Like a lot of die hard Australian golf fans, I stayed up to the wee hours on Monday morning to watch the last round of The Open. I’ve been doing it for years and it’s part of my yearly schedule.

There’s something about links golf that I find intriguing – the funny bounces, the wind and the unpredictability almost always ensures a world class player wins the event. It happens, but rarely does a complete outsider win the event like at the PGA and US Open. The Masters is such an exclusive field that only the very best (except for some amateurs) get a start. So for all the quirkiness, The Open might just be the best test of finding the “best” player.

As an Aussie, I was hoping to see Adam Scott take out the event. He played some great golf for the first 3 rounds and held a handy lead. Everything was going to plan until the very end when Ernie Els bucked the trend and Scott bogeyed the last four.

Social media and the general media have been pretty critical of Adam Scott. The choker tag has been flying around and then there has been the comparison to Greg Norman’s mishap at the 1996 US Masters.

I’ve battled to write this post. The easiest thing would be to write how he stuffed up, choked his bum off and let down himself and his country. At 4am on Monday morning that was the temptation. But I’ve sat on it for a while because I’m not convinced he choked. Is it possible he just made four bogeys at the worst possible time? Was it more bad luck rather than choking?

Let’s look at the round in more detail.

[headline_tahoma_small_left color=”#000000″]Early Holes[/headline_tahoma_small_left]

First off, he started badly. He bogeyed the first where he would normally make par, probably 90 times out of 100. He corrected things with a fantastic birdie on the second – his approach there might have been the best of the day. He then bogeyed the third and was looking shaky. He made a great save at 5 (so did McDowell), bogeyed the 6th (so did most others) and then let a golden chance slip for birdie at 7 (so did McDowell).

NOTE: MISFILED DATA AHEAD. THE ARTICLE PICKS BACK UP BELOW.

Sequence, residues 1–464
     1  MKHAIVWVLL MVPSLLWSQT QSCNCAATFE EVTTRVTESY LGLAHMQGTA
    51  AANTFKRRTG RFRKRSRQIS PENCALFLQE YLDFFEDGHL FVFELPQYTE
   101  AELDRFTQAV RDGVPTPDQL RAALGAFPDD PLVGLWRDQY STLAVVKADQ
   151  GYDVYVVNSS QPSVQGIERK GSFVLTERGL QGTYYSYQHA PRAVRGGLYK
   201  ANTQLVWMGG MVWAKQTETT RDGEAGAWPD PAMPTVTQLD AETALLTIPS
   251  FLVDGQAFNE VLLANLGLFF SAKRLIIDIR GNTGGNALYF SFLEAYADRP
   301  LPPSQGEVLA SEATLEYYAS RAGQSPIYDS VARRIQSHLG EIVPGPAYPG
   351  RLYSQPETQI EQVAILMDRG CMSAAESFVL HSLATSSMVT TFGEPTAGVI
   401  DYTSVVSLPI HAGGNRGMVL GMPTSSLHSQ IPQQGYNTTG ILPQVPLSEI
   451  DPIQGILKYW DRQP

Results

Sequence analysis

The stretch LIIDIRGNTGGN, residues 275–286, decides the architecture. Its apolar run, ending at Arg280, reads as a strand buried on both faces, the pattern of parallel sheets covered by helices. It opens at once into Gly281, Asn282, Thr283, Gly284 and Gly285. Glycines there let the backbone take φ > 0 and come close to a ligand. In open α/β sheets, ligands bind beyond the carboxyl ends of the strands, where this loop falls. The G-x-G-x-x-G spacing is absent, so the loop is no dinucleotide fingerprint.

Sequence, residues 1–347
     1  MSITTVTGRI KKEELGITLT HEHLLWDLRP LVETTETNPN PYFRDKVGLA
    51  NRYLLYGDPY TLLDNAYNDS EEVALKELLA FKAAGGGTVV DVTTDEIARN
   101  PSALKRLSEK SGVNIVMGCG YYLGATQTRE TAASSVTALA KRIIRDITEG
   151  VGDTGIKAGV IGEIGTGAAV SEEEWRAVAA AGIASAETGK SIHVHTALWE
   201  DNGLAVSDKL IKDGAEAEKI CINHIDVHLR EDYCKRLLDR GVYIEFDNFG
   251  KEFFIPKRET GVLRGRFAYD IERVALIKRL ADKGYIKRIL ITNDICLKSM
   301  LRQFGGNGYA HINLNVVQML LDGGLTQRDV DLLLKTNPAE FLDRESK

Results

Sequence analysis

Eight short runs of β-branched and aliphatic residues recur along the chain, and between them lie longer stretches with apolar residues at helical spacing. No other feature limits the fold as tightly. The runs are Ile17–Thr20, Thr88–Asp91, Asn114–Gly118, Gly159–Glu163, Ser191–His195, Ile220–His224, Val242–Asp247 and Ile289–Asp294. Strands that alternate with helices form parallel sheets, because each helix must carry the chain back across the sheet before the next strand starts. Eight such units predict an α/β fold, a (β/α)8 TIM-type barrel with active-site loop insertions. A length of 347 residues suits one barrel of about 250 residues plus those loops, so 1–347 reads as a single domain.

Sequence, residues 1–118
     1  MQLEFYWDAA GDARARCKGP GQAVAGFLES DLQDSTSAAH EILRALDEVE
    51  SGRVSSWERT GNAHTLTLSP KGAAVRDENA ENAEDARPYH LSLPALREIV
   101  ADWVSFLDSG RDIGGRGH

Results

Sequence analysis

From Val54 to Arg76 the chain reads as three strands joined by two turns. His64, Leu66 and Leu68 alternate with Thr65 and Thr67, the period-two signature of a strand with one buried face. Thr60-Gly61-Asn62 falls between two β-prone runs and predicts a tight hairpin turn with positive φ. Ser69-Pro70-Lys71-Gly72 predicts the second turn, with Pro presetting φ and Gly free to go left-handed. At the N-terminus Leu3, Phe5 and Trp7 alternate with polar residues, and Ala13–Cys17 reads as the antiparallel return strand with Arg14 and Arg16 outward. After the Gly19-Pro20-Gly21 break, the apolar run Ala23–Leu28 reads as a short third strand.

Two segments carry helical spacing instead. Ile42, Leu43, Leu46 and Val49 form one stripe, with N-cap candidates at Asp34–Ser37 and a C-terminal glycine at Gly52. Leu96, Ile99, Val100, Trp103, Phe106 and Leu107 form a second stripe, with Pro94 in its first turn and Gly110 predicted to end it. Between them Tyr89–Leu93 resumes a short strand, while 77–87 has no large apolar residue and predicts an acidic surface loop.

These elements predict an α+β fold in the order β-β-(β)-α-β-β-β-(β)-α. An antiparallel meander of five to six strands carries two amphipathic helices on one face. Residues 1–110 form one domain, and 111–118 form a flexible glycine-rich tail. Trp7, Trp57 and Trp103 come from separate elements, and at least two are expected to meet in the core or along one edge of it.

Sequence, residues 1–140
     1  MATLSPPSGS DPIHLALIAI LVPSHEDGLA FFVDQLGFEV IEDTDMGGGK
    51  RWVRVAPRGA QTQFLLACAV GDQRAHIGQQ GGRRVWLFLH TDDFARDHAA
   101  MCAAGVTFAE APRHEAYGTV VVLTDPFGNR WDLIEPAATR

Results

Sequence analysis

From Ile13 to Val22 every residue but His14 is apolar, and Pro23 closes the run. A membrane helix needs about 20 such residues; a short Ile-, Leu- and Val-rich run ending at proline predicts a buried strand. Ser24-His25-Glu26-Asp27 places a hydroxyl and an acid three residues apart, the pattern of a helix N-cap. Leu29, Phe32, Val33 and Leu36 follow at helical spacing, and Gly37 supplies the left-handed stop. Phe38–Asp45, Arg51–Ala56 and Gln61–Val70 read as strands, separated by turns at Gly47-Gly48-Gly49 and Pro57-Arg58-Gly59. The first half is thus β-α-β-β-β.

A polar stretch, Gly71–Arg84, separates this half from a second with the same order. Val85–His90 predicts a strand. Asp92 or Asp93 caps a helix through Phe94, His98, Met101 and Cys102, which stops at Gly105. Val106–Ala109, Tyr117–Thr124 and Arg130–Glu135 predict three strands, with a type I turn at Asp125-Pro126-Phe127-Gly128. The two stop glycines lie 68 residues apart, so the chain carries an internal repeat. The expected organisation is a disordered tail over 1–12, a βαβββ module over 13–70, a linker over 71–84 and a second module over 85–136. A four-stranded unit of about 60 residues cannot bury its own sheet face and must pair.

His big advantage early on was everyone else was going backwards. Tiger made a triple bogey, Snedeker went double double and nobody looked like they were handling the conditions that well (some of the earlier players had shot some impressive scores so it was possible). If Adam could have played a little better at the start he may have had a 6 or 7 shot lead by the end. Those early holes, as it turned out, had just as much influence as the ones at the finish.

From here Adam played some pretty good golf – solid would sum it up perfectly. When he birdied 14 he was almost home but this is where things got interesting.

[headline_tahoma_small_left color=”#000000″]15th Hole[/headline_tahoma_small_left]

The bogey on 15 was not a disaster. He hit a perfect drive and had around 200 yards to get home. For Scott this called for a 4 iron and he missed the green to the left. The bunker shot was not easy, Tiger had a similar shot moments earlier and got the same result. A bogey 5. Let’s keep in mind that it was one really tough hole, certainly no snack.

[headline_tahoma_small_left color=”#000000″]16th Hole[/headline_tahoma_small_left]

Adam didn’t do much wrong on 16. He found the fairway and hit his approach at the flag. Unfortunately the ball landed a tad too far, leaving him a 30 footer for birdie. Golf is not an exact science, there’s every chance that on another day that same swing would leave the ball a little closer. Still, there wasn’t too much damage done. His first putt went left, leaving a tricky putt for par. I say tricky because it wasn’t a gimme. It was more than 2 feet and probably closer to four. These putts are never easy at the best of times, but with a major title on the line they get tougher. The fact is the pros do miss smallish putts from time to time. Wind, fast and hard greens only adds to the difficulty. They do miss (don’t we all?). It didn’t appear to be a bad putt either. He hit a fair chunk of the hole and the ball spun out. It didn’t look yippy or tentative – from where I was sitting he put a good stroke on it.